The voting system currently used in the United States does not accurately model voter preference when there are more than two candidates for an office (see the Center for Voting and Democracy for details.) This tends to concentrate power in two large and stable parties, a lose-lose condition for democratic change. The fundamental problem this site attempted to address in 2000 was a voting system that seldom offers even two choices in any election. This situation was unchanged in 2004, and was highlighted again by a Democratic party forced to concern itself primarily with beating Bush rather than with nominating the best possible candidate.

In 2000, operated an online voter matching service where Nader supporters in swing states were paired with Gore supporters in decided states, to faciliate dialogue and possibly strategic voting. Voters that participated were attempting to find a way out of the bind they were placed in by our unfair voting system: they wanted to register their vote for Nader (to "vote their conscience", and to qualify the Green Party for federal campaign funds in 2004), but they also felt it was critical to register their preference for Gore over Bush. Strategic vote trading was again practiced during the 2004 presidental election - see VotePair.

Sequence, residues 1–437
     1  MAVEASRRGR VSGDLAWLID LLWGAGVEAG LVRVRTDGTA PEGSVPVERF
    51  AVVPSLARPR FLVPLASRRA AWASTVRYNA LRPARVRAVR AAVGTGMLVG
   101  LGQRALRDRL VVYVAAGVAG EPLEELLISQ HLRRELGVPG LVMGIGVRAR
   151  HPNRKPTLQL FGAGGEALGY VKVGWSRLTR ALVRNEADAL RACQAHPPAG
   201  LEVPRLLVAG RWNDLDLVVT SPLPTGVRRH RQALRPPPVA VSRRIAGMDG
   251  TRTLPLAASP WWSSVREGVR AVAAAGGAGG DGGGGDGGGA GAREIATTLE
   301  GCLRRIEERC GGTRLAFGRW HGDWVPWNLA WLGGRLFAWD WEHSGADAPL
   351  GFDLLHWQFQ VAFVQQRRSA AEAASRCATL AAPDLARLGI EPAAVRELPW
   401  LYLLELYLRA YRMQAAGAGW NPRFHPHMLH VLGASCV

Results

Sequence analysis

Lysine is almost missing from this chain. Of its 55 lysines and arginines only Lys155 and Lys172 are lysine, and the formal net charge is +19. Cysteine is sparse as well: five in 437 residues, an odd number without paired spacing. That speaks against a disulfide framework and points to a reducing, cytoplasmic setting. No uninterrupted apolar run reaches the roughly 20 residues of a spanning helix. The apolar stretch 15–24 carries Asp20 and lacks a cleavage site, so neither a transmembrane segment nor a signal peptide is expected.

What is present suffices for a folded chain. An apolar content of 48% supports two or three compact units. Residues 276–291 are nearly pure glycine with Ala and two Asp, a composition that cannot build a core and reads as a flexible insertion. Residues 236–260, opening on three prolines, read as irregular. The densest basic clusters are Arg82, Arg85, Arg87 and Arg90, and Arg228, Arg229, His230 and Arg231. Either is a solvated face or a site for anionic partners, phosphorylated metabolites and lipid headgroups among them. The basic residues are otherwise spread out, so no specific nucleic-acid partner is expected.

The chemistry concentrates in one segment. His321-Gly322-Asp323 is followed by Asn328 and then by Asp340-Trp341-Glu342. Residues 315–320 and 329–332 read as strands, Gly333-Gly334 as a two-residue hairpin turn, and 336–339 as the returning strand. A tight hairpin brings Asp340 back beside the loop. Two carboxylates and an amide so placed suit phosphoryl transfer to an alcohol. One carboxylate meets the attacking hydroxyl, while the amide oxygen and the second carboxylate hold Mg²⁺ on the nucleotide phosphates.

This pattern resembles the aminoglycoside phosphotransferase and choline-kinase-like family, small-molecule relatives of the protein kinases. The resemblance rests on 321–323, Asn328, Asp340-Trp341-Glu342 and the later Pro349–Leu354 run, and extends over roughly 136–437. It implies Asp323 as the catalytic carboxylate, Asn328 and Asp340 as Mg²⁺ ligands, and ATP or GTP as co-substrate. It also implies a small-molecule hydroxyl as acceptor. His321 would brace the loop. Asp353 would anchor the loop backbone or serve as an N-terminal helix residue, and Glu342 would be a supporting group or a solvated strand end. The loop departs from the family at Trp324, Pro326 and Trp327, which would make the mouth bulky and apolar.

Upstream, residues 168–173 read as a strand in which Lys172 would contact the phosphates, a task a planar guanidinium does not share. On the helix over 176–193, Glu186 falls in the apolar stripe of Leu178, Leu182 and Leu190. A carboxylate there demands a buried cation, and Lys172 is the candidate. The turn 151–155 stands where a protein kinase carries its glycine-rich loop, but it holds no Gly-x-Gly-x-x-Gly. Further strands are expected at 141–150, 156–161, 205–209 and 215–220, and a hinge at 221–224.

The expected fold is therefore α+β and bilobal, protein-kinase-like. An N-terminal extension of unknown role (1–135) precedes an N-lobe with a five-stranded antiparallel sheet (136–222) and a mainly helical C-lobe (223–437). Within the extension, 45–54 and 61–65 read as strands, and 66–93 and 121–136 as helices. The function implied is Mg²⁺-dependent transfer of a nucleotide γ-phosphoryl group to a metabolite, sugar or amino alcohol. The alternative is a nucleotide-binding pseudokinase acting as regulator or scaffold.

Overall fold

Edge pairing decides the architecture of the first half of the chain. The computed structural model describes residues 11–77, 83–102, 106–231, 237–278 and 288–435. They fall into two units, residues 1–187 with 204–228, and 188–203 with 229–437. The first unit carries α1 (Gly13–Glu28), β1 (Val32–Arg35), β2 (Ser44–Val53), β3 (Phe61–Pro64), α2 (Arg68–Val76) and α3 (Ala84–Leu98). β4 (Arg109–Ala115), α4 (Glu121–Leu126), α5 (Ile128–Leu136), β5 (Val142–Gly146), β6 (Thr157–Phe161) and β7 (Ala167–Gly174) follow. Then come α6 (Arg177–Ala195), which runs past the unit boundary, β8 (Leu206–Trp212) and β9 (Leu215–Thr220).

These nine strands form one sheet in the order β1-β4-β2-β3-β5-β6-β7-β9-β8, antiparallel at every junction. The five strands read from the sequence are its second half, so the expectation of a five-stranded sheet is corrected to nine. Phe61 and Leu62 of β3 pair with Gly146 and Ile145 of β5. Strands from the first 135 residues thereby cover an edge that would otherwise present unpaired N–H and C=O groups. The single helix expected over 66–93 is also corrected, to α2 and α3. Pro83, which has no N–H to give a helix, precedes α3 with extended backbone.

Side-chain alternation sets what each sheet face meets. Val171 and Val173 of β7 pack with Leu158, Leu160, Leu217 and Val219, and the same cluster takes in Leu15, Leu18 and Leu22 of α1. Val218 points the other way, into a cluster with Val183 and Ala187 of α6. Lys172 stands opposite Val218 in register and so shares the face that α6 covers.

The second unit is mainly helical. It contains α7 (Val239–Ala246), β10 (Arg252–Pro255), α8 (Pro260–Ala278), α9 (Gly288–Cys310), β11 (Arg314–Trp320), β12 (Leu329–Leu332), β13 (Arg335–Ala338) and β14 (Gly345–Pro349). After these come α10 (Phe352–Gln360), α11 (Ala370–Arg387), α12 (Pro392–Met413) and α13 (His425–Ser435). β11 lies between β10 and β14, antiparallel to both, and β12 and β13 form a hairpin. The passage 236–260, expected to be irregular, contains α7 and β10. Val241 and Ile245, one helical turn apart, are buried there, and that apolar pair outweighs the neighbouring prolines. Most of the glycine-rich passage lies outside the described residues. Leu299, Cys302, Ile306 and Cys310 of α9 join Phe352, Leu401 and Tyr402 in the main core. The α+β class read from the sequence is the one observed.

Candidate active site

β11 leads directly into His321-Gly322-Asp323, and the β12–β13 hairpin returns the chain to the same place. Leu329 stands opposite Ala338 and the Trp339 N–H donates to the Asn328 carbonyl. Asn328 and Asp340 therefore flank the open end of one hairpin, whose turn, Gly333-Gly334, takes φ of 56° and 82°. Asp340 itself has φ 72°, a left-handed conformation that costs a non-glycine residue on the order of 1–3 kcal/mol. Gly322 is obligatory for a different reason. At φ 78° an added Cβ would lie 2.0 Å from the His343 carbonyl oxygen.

Note on the 2008 presidential election: to be a useful strategy, vote pairing requires (1) a very close race between the top two candidates and (2) one or more strong third party candidates. These do not appear to characterize the 2008 election. In 2008, one alternative voting strategy is a Vote Pact.

You can visit VotePair to learn about strategic vote pairing in the 2004 presidential election, and read up on voting reform at the Center for Voting and Democracy.

Curious about the impact of voteswapping in the 2000 presidential election? See these results. is hosted by Electric Embers.

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